Patterns of Experience in Autobiography
Egan asks why autobiographers use patterns -- such as myths of paradise and paradise lost, the journey, conversion, and confession -- taken from fiction to express personal experiences. She suggests that these stages of the written life derive from psychological imperatives that determine how the self and the world are perceived. She examines the autobiographical works of Rousseau, Wordsworth, George Moore, and Thomas Carlyle and the writings of William Hale White, De Quincey, and John Stuart Mill.
Originally published in 1984.
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The Inevitability of Fiction
From Innocence to Experience
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Adam and Eve Aksakoff Alcinous Apologia artist autobiog autobiography becomes begins Bunyan Carlyle CEOE character child childhood confes confessional Confessions of Saint conscious context contrast conversion creates creative crisis dark death derives describes dreams Edward Martyn emotional essentially example experience explores fact father fear feels fiction fictive finds Frye garden George Moore Goethe Hale White heart hero human Ibid identity inner journey letter literary confession Mark Rutherford maturing meaning memory metaphor Mill Mill's mind Moore's myth mythic narrative pattern narrator nature Newman nineteenth-century novel Odysseus Oxford movement paradigm paradise Petrarch phor poet poetic Prelude provides psychological purpose Quincey Quincey's raphy reality religious represents Rousseau Saint Augustine Sartor Resartus sense Sicily significant sion soul specific spirit story suffering tell Teufelsdrockh thought tion Tristram truth underworld W. H. Hudson William Hale White words Wordsworth writes young youth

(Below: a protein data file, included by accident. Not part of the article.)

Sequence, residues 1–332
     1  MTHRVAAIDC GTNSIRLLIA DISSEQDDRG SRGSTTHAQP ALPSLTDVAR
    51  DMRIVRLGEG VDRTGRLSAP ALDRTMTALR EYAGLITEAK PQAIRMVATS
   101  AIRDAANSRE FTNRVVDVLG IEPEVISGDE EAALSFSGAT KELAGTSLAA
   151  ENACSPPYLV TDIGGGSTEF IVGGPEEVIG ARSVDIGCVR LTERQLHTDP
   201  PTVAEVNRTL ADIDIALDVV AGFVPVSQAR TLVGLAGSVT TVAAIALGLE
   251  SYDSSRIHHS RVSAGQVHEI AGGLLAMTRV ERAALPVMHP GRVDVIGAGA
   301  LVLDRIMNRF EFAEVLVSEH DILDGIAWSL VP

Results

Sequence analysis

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La comprensión de la realidad en la educación infantil y primaria
Limited preview - 1991